Grinnell's open curriculum encourages students to take initiative and to assume responsibility for their own courses of study. The sole core, or general education, requirement is the completion of the First-Year Tutorial, a one-semester, four-credit special topics seminar that stresses methods of inquiry, critical analysis, and writing skills. All other classes are chosen, with the direct guidance of a faculty member in the student's major department, by the student.
The academic program at Grinnell College emphasizes active learning and one-on-one interactions between faculty members and students. There are few large lecture classes. In sharp contrast to all public universities and many private universities in the United States, no classes, labs or other courses are taught by graduate students.
Grinnell College expects all students to possess significant academic achievements. For example, the math department does not offer any basic-level classes such as college algebra, trigonometry, or pre-calculus, and remedial classes are not offered in any subject. However, several independent, non-credit programs assist students who need help in a specific subject. Among these programs are the Library Lab, Math Lab, Reading Lab, Science Learning Center, and the Writing Lab. While private tutors can be hired, participation in these programs is free for any enrolled student.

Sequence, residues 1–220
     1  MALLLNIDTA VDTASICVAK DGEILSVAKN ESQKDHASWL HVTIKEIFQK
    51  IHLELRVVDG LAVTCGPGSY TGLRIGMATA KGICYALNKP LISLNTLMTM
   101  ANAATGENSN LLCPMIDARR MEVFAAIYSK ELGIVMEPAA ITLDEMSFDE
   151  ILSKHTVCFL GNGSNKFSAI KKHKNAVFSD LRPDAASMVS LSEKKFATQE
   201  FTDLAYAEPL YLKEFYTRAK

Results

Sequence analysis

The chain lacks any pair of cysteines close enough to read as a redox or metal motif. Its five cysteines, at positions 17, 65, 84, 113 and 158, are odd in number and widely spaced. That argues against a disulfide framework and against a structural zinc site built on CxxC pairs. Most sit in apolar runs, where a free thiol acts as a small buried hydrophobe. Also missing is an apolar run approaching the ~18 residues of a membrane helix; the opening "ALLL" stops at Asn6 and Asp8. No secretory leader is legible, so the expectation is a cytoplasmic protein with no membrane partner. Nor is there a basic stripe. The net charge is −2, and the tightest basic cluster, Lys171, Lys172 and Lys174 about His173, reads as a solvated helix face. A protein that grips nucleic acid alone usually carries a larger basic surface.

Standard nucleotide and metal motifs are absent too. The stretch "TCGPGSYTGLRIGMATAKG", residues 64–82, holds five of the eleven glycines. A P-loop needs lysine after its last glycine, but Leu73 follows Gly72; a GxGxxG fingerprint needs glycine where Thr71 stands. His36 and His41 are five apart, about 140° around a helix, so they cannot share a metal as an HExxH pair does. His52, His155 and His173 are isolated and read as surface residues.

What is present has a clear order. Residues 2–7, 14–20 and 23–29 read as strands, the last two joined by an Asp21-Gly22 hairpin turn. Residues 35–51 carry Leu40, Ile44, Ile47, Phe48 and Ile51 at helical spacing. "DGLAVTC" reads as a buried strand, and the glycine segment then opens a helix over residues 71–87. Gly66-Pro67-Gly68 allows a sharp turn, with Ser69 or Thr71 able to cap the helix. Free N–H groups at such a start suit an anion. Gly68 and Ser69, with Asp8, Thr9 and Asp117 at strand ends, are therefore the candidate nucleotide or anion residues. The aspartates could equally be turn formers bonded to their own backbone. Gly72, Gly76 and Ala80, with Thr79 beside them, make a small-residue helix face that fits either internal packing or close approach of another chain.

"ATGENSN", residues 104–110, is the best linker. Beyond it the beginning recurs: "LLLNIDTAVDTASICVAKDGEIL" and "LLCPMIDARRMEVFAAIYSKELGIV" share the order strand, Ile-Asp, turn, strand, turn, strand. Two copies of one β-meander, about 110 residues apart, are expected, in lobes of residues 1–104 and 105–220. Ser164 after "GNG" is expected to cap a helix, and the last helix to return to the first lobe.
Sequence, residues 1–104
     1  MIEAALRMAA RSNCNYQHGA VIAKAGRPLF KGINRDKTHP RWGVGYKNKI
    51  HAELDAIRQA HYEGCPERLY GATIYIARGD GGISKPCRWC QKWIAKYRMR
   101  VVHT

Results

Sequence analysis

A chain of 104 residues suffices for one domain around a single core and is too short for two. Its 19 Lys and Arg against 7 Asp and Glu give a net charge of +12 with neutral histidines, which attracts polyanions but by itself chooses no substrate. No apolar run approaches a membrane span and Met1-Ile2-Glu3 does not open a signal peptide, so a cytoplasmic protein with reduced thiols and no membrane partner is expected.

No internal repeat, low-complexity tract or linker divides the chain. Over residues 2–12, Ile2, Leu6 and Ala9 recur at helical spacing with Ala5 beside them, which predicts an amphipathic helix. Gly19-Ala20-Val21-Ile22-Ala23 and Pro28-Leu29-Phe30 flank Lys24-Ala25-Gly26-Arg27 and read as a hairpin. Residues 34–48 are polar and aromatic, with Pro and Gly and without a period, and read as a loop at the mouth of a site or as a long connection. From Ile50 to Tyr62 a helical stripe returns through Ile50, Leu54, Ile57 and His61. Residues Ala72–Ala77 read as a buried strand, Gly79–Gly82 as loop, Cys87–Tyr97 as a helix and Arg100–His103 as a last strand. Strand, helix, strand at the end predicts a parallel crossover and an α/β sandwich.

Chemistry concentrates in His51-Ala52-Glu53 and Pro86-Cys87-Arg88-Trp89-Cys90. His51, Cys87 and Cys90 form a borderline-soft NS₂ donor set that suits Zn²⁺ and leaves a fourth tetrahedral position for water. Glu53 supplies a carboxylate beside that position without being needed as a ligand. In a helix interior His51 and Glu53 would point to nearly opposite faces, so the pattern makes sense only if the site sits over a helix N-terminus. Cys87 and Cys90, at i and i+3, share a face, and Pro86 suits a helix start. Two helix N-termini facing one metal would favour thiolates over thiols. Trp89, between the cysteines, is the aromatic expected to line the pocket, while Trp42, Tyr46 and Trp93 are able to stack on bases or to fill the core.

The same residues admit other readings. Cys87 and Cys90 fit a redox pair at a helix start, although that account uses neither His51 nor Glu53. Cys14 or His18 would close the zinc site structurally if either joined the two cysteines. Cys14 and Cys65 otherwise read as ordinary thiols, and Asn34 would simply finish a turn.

Grinnell has twenty-six major departments and ten interdisciplinary concentrations. Popular majors include Psychology, Economics, Biology, History, English, and Political Science. The minimum requirements in a major area of study are typically limited to 32 credits in a single department, with some departments additionally requiring a small number of classes in related fields that are deemed critical for all students in that field. For example, the biology program requires 32 credits in the biology department plus two classes in chemistry and one in math. Many students exceed the minimum requirements.
To graduate, students are normally expected to complete at least 32 credits in a major field and a total of 124 credits of academic work. To encourage students to explore courses outside of their primary interest area, no more than 48 credits in one department and no more than 92 credits in one division are counted towards this requirement.